With 1995's Nothing Personal, director and cinematographer Thaddeus O'Sullivan produced one of the most brutal accounts of sectarian violence in Northern Ireland ever committed to celluloid. A searing, uncompromising drama that centered on the personal side of the troubles, rather than the political, the film inspired one critic to write that it was "to Michael Collins what Platoon is to The Green Berets. O'Sullivan himself emphasized the universality of Nothing Personal, saying, "the same story could be playing out in any war zone you could name."
Born in Dublin in 1947, O'Sullivan received an M.A. in film and television from the Royal College of Art. He worked throughout the 1970s and '80s as a cinematographer, and he made his feature directorial debut with 1990's December Bride. A moody period drama set in 19th century Ireland, it told the story of a young woman (Saskia Reeves) who scandalizes a community by having a child out of wedlock with one of the two brothers who employ her as a housekeeper. Although the film had limited release in the U.S., it was embraced by a number of critics.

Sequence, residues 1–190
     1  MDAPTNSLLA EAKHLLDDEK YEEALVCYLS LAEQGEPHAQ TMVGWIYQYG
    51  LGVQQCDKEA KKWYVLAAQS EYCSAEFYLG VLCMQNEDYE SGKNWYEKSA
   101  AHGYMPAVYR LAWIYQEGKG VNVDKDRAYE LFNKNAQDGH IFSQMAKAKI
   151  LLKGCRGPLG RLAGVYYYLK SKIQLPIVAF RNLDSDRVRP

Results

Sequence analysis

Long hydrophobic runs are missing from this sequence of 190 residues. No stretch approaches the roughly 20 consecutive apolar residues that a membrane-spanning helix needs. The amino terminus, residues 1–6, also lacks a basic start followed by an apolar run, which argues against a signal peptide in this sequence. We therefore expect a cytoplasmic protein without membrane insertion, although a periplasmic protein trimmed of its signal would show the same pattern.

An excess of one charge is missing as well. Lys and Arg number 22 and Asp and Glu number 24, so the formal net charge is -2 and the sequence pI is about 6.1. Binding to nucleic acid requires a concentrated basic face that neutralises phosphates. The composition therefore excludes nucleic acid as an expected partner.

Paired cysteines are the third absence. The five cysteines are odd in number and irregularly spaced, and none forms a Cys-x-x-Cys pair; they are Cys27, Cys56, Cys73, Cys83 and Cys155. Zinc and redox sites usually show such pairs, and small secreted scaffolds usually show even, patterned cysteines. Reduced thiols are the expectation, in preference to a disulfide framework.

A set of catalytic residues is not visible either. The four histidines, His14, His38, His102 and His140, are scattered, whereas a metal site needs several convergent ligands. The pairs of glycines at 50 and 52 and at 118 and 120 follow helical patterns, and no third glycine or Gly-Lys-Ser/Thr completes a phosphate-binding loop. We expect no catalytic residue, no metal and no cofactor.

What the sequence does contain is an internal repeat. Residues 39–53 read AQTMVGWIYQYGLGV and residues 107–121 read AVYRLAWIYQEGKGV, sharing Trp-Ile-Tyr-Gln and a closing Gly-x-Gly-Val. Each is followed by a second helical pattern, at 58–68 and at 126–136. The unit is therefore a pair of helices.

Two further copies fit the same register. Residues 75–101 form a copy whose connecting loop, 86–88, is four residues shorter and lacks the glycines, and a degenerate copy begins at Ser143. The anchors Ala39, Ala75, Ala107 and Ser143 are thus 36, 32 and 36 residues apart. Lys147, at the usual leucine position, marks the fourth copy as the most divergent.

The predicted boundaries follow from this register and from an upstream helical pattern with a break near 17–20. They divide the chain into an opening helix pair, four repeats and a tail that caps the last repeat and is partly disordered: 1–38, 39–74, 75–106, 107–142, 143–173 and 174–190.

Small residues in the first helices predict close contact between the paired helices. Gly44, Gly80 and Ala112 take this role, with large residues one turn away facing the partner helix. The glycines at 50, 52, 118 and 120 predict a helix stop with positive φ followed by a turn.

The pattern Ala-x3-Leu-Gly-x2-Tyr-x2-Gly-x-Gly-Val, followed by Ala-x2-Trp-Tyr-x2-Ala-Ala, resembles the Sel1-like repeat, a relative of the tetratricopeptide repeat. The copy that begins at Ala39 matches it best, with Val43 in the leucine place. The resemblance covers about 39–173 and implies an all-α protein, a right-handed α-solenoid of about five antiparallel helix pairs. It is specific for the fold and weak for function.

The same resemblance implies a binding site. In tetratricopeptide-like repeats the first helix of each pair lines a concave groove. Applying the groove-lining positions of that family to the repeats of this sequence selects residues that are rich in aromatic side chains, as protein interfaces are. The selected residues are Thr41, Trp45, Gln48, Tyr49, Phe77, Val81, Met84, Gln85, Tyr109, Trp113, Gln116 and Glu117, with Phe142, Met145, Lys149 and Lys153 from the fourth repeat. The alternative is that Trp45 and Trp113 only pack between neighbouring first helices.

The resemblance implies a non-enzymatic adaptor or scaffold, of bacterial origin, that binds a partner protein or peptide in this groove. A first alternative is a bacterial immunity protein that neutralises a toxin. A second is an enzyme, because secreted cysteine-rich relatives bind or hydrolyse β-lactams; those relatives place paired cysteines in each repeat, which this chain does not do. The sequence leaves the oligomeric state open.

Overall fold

O'Sullivan followed December Bride with Nothing Personal five years later. The acclaim surrounding the latter provided the director with his true breakthrough, something reflected in the star wattage on display in his next effort, Ordinary Decent Criminal. Starring Kevin Spacey as a modern-day Dublin gangster who manages to rob, cheat, and womanize while maintaining unimpeachable charm, the film recalled John Boorman's The General, which told the story of real-life gangster Martin Cahill.